With lower US refinery runs and increases in domestic crude oil production, US commercial crude oil inventories at the end of February provided the most days of supply since the mid-1980s. Commercial crude inventories were sufficient to supply 29 days of US refinery demand, based on expected refinery runs in March.
The number of days of supply is calculated by dividing the commercial crude oil inventory level at the end of the month by the forecast crude oil refinery runs in the following month. This calculation excludes government-held inventories such as the US Strategic Petroleum Reserve. The days-of-supply calculation is an indicator of how loose or tight oil markets are by showing the number of days current commercial inventories will last given the future consumption rate at refineries. Refinery runs are the amount of crude oil that refineries process and are used as a proxy to measure the consumption rate.
As explained in This Week in Petroleum, commercial crude oil inventories across all Organization for Economic Cooperation and Development (OECD) countries are also high, but to a lesser extent than US inventories considered alone. OECD crude oil inventories in January were sufficient to supply almost 28 days of OECD crude oil demand. However, unlike in the US, OECD inventories have exceeded 28 days of supply in several months over the previous two years.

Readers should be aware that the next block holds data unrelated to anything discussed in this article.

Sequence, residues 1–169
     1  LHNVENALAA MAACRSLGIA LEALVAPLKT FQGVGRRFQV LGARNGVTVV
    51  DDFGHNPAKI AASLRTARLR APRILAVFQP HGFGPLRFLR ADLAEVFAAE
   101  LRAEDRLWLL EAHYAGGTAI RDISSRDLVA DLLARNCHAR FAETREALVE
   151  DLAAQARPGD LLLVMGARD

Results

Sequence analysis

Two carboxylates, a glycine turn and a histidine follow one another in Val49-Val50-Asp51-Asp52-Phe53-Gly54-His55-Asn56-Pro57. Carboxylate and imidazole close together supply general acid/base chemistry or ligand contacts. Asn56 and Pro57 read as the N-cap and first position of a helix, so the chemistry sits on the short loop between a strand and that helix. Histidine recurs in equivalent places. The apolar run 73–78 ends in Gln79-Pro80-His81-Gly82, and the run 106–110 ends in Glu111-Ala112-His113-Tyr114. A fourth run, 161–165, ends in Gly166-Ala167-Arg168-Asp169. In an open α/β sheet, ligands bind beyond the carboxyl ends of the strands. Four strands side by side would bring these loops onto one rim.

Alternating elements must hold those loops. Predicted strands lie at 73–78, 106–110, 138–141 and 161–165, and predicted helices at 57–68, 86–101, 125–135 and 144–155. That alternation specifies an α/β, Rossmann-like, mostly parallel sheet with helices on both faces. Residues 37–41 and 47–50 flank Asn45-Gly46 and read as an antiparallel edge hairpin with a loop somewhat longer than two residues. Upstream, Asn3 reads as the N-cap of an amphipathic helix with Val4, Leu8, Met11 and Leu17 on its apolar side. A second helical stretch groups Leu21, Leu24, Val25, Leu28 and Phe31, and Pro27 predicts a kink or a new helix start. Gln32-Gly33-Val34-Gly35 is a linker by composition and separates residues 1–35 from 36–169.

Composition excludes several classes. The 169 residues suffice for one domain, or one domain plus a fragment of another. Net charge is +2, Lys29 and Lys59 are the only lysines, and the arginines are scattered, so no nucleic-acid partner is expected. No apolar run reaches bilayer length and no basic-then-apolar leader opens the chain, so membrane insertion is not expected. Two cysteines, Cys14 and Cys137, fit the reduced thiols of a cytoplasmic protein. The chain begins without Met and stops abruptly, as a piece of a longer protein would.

The recent increase in US crude oil inventories in January and February, compared with the more typical OECD days-of-supply, helps to explain why the February increase of US crude oil prices, such as the benchmark West Texas Intermediate (WTI), was smaller compared to the February price increase of the international benchmark Brent. The Brent-WTI price spread settled at US$7.53/bbl on 10 March 2015, an increase from the start of the year, when these prices were nearly equal. Other factors that have led to a wider Brent-WTI spread are planned and unplanned refinery maintenance in the US and increased refinery use in Europe.
Image from EIA